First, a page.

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559 Use of a risk assessment to promote farmer’s health
  1. J McNamara1,
  2. P Griffin2,
  3. J Phelan3,
  4. J Kinsella3
  1. 1Teagasc- Agriculture and Food Development Authority, Kildalton, Co. Kilkenny, Ireland
  2. 2Health and Safety Authority, Dublin 1, Ireland
  3. 3School of Agriculture, University College Dublin, Ireland


Introduction Research in Ireland has indicated that farmers as an occupational group have inferior health outcomes. To assist with addressing this issue, health issues were included in a pilot Risk Assessment (RA) and associated half-day training course being evaluated for the agriculture sector under OSH legislation. The health RA template required a farmer to specify missing health controls. Farmers could complete the RA document with or without half-day training. At training guidance on health issues was provided using a DVD presented by a medical doctor. This paper provides evaluation on the health related controls specified in the RA for action and opinions of training provided.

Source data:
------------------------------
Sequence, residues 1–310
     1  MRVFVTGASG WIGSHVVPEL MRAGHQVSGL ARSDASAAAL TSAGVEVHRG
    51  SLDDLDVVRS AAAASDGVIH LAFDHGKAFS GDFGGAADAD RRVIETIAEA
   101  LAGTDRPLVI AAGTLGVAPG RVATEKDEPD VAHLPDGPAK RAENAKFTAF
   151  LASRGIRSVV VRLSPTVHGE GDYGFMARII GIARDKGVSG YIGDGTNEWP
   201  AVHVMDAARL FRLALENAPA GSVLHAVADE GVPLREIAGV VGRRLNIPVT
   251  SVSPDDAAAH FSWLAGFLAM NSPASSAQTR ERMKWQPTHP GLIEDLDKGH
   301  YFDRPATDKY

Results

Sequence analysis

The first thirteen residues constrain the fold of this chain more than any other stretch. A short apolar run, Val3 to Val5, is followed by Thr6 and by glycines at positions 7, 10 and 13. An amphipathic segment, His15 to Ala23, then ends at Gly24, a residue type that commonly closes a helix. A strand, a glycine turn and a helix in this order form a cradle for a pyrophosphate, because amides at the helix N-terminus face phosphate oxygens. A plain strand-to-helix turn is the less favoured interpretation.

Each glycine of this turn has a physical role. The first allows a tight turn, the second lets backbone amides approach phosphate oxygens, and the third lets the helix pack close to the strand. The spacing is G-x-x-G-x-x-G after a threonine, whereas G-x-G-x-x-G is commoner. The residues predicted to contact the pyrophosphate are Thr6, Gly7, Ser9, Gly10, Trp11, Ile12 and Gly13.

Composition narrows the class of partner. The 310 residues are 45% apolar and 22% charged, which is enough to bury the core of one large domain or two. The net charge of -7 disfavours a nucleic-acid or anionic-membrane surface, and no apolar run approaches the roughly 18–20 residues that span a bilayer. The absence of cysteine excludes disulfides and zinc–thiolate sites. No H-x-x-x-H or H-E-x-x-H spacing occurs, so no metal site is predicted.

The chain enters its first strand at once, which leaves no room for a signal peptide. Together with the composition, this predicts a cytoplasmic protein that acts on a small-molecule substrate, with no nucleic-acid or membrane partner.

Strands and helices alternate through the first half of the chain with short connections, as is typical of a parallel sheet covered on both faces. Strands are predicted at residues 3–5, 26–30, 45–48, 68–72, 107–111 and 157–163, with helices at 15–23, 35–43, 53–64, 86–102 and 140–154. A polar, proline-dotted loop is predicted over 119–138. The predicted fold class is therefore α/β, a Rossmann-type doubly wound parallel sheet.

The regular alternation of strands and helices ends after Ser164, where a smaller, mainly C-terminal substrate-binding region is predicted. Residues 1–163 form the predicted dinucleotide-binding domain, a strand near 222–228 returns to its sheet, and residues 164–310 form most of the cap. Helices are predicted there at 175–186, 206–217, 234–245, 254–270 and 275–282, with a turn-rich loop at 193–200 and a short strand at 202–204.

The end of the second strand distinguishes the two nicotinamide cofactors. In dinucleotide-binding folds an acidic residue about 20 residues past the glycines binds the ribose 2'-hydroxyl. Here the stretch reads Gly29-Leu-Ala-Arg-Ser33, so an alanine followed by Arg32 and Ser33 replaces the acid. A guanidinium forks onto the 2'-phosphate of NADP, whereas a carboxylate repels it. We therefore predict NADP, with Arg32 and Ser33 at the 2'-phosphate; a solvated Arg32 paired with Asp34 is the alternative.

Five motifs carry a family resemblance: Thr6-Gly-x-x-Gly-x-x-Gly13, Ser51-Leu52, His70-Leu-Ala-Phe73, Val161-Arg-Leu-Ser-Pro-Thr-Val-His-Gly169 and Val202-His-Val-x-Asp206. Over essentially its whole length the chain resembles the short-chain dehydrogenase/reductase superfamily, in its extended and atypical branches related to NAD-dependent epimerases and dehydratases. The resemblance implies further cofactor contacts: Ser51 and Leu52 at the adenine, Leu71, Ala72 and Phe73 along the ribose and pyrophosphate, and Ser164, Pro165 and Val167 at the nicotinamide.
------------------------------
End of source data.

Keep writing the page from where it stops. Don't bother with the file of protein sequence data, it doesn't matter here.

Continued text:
Methods RA documents were obtained from farmers who completed it with (n=335) and without (n=140) training and health controls specified for action were tabulated. Opinions were obtained from both farmers (n=291) and trainers (n=51) on the health element of RA training delivered using a Likert-type question with a 5 point scale, with 5 the most positive response. Trainers had the option of additionally providing a comment.

Results A total of 0.32 and 0.14 controls per RA document were specified when completed with or without training. Controls were in the following categories: preventing back injury (2.4%); respiratory protection (9.5%), preventing infection (17.6%), noise exposure control (9.5%), stress/personal health management (56.4%) (obtaining a 1 st aid box made-up 80% of this category) and additional controls (4.8%). The opinion of health messages delivered at training had a mean score of 3.9 among both farmer and trainer respondents. Additionally 25.5% of trainers commented positively on the benefit of health training.

Conclusion The study indicates low uptake of health practices by farmers following RA completion. Training increased the level of specification of controls. Feedback from both farmers and trainers related to the health messages delivered at training was positive.

  • Farmer’s Health
  • Risk Assessment

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